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49ers expect to maintain offensive production without Deebo Samuel, but lack blueprint

© Kelley L Cox-USA TODAY Sports

The 49ers’ identity has become inseparable from Samuel; he is the piece with which Kyle Shanahan can dictate the pace and style of the game, creating mismatches at will. How can the 49ers possibly replace him?

Last week, Samuel became the first wide receiver in NFL history and just the third player ever — along with 49ers legend Roger Craig and Hall of Famer Marshall Faulk — to have 1,000 receiving yards, 5 receiving touchdowns and 5 rushing touchdowns in a single season.

His emergence as a bona fide running back, in addition to being a soon-to-be All-Pro receiver, has altered the equation for the 49ers’ offense. It is no coincidence that their three-game win streak — in all three of which they have dominated the time of possession and Jimmy Garoppolo has thrown 26 times or fewer— began with him taking on that role in earnest.

Now Samuel is out with a groin strain. He’s down for at least this week and perhaps the next, if we’re taking the 49ers’ injury assessment at face value.

We saw last season that when Samuel went down, they were unable to replace his impact. To be fair, that 49ers team was in dire straits early on, with a lahar of injuries overwhelming them.

In spite of that unceasing wave, the 49ers managed to build momentum heading into Week 8. With back-to-back wins over the Rams and Patriots, they had clawed back to a 4-3 record.

That was accomplished on the back of Samuel, who had 6 catches for 66 yards and a touchdown, and 5 catches for 55 yards in those two games, respectively. Most of those, though, were only receptions in name.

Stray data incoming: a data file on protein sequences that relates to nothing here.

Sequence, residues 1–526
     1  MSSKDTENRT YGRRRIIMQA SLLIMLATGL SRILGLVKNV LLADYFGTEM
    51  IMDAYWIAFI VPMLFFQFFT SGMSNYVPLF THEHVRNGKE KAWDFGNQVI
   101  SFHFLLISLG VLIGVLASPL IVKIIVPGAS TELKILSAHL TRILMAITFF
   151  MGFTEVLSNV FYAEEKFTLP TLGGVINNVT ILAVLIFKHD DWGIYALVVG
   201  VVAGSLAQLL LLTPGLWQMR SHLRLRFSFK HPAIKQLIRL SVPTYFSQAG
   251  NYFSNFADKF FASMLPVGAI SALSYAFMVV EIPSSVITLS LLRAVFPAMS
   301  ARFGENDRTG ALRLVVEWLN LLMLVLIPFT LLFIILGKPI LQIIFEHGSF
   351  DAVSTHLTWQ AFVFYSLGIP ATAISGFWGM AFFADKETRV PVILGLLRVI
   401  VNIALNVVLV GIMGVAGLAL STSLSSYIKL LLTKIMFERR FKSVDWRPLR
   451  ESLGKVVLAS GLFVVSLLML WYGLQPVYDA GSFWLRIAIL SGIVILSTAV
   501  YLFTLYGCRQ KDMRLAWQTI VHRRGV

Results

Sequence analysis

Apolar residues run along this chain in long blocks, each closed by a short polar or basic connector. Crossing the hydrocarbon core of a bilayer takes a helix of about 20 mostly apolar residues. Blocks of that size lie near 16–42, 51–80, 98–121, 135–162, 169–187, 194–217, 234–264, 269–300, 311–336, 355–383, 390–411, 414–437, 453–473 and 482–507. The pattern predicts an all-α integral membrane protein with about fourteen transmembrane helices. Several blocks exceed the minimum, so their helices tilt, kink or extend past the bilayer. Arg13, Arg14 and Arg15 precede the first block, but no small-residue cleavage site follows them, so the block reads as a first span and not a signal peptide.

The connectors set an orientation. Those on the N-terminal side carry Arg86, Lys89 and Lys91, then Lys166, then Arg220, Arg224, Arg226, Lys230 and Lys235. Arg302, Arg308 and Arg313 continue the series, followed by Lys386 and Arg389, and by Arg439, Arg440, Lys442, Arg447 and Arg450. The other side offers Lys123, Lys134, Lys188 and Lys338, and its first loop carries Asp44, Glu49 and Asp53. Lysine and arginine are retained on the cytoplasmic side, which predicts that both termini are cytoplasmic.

In Week 6, his average depth of target (where players are targeted in relation to the line of scrimmage) was -5.3 yards, and in Week 7, it was -2.6 yards. Both ranked last in the NFL.

In 2020, Samuel had an average depth of target of 2.1 yards past the line of scrimmage, last in the NFL among qualified receivers. The next-closest player, Drew Sample, had an average depth of target of 4.5 yards. Samuel was already doing a version of this positional defiance last season.

As Kyle Shanahan mentioned Friday, Samuel was basically being used the same way in those game last year as he has been this year. The only difference is that last year’s carries came on touch passes, which are glorified handoffs.

“I thought he did it last year, he just didn’t get to play that much,” Shanahan said after the November 21 win over the Jaguars. “They didn’t count it as carries because you catch the ball and you toss it three inches [forward] to him. But he ran seven of those versus the Rams last year in the first game and I think he ran four of them the second game, but they all count as passes.

He’s been running the ball here — I think we started to realize how good he was, I think towards the second half of his rookie year. But we haven’t tossed them [this year], so he gets more running stats and he’s continuing to get better at it as we continue to do it more.”

It’s simultaneously easy to quantify Samuel’s impact and extraordinarily difficult. The yardage and touchdown stats are obvious, but the ability to use him as a wild card and force defenses into conflict consistently is much tougher to gauge.

George Kittle said after the win over the Rams that Samuel has done “everything” for the 49ers’ offense over the last three weeks.

We can just go out in every personnel and they don’t know if we’re going to be throwing the ball or if he’s going to motion in the backfield,” Kittle said. “And when he’s in the backfield, you don’t really know what we’re going to do. I think he just adds a dynamic to our offense that you can’t really prepare for.

Like yeah, sure, load the box and you can put out your base personnel if you want to when we have four wide receivers out there and he’s a running back, but we can just throw it out of that. You’re gonna get someone matched up on a linebacker; that’s bad for you. So he just allows us to put the defense in positions where we want them. I think that’s why we’ve been winning so much.”

Without Samuel last season, there was the looming question of how the 49ers could attempt to replicate the unpredictability of their offense. Could someone else slot in and take over the mercurial, receiver-running back role? The answer was, unquestionably, no.